The city of Bilbo: A Revival and Evolution
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Bilbo, the biggest metropolis in the Basque Country, has come a long way since its days as an ugly industrial city. Ivan Jimenez Aira, the director of Bizkaia Talent, a non-profit organization dedicated to keeping smart, talented people in the Basque Country, recently spoke with “The Guardian” about the renaissance of Bilbo (Bilbao).
“I have clear childhood memories of Bilbao: I didn’t like it. It was a grey place: the river was polluted and the streets black. Now, with its 19th-century facades renovated, the Gran Via could be a street in Vienna and there are more green spaces here than any other city in Spain,” said Jimenez Aira to the Guardian.
Bilbo, located on the Nervion River in the province of Bizkaia, suffered through an era of industrial restructuring in the 1970s, but then city fathers decided to respond by building Bizkaia Technology Park in the late 1980s, paving the way for a focus on research and development. The world-famous Guggenheim Museum followed in 1997, and the improvements have continued. A renovation of the medieval-era city center — the Casco Viejo — took place in the 1990s.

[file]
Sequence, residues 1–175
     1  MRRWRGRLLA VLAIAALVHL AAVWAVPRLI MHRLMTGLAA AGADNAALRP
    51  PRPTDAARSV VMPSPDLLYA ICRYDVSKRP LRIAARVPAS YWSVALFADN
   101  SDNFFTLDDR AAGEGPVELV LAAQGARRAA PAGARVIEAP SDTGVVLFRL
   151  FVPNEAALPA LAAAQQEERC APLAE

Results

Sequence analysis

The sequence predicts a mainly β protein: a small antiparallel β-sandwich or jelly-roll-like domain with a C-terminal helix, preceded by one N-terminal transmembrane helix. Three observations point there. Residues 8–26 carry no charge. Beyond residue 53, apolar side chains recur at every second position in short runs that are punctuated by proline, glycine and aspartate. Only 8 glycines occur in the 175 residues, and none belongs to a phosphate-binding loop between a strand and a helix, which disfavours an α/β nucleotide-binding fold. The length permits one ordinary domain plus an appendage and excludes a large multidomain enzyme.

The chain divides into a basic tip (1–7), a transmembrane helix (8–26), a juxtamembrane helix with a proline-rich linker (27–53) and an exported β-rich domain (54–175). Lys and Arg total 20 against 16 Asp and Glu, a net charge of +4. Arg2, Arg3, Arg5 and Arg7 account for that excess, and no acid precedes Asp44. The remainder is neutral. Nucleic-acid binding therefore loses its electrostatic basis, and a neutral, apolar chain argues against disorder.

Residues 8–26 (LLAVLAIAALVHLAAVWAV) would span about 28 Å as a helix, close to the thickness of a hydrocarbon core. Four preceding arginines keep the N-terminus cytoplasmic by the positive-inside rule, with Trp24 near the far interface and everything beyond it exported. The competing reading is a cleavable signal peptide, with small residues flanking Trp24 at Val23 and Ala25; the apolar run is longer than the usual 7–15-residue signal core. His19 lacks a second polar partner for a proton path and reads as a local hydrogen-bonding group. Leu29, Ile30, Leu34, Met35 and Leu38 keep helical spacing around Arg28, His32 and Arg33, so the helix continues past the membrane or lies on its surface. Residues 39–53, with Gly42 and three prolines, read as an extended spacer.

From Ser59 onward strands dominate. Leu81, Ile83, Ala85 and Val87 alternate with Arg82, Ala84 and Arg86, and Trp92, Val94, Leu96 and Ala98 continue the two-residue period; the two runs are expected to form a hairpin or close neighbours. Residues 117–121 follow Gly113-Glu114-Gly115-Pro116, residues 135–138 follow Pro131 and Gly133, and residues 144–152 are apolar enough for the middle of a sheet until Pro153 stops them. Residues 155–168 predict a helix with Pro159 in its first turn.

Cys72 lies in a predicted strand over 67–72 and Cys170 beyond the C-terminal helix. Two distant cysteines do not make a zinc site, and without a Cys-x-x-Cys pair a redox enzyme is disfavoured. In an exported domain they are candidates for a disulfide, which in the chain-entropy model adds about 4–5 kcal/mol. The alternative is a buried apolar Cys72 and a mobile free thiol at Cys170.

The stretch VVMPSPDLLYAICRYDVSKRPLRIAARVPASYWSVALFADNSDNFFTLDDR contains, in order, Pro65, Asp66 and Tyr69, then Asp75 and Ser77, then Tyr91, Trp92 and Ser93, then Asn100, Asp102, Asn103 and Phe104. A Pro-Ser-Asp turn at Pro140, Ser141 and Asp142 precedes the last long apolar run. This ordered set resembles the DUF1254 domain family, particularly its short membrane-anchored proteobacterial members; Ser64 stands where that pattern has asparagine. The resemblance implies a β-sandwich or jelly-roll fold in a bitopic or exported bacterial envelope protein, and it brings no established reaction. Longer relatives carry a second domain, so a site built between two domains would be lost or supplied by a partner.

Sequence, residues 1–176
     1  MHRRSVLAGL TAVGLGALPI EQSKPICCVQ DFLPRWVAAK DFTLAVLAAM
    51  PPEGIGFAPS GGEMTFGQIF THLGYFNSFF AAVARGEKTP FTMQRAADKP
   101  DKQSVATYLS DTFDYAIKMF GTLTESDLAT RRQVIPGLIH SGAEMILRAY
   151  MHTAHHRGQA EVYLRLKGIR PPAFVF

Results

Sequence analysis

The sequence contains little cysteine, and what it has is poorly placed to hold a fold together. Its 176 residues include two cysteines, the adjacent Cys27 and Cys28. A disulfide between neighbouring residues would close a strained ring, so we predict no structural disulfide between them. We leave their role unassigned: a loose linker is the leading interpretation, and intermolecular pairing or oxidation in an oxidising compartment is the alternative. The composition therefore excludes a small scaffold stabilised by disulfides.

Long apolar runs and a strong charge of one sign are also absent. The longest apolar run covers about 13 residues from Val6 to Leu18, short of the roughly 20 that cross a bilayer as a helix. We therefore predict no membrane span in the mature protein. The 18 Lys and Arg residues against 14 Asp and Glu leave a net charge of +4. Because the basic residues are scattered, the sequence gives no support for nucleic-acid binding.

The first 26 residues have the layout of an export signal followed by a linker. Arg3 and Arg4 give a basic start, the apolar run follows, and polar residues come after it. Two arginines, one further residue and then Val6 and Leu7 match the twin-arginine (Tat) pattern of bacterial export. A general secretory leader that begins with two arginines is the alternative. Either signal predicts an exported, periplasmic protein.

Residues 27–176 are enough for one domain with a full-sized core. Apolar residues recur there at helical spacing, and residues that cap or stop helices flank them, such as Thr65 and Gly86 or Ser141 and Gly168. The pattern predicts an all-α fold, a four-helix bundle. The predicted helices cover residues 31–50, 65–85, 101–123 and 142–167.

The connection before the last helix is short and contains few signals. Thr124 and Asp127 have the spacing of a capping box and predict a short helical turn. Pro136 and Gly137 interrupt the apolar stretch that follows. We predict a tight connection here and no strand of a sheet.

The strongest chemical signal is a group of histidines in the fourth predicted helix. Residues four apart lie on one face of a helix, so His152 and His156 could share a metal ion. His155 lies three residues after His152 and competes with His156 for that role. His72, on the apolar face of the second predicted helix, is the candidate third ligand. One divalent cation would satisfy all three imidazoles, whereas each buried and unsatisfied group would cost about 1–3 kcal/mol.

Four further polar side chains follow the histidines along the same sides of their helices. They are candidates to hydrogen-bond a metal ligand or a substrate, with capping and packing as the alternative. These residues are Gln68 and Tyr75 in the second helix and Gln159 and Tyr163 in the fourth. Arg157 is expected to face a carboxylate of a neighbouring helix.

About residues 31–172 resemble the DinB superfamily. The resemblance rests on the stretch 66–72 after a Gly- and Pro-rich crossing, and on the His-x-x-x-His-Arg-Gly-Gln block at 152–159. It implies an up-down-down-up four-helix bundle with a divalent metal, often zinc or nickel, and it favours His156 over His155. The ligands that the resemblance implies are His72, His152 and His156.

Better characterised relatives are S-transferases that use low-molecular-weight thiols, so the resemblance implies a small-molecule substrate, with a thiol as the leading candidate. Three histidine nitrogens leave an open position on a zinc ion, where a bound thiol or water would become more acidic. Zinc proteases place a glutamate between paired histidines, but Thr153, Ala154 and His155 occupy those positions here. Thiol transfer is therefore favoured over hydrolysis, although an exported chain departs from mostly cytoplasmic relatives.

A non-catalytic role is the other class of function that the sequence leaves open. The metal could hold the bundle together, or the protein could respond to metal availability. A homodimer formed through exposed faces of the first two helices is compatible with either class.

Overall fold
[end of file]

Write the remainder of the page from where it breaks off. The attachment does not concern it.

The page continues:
Innovation continues. Bilbo’s reputation as a foodie haven is growing. Among favorite stops are Bitoque for pintxos or Mandoya or Zortziko for dinner.
A new 53,000-seat San Mames stadium was recently built in Bilbo to replace the historic home of its competitive soccer team Athletic Bilbao.
Today, Bilbo competes with Donosti as a top stop for tourists seeking art, culture, food and beautiful cityscapes, a far cry from the time when people stayed away from the gritty industrial town.
“I’ve lived in and around the city all my life and seen the evolution year by year,” said Jimenez Aira. “It’s incredible.”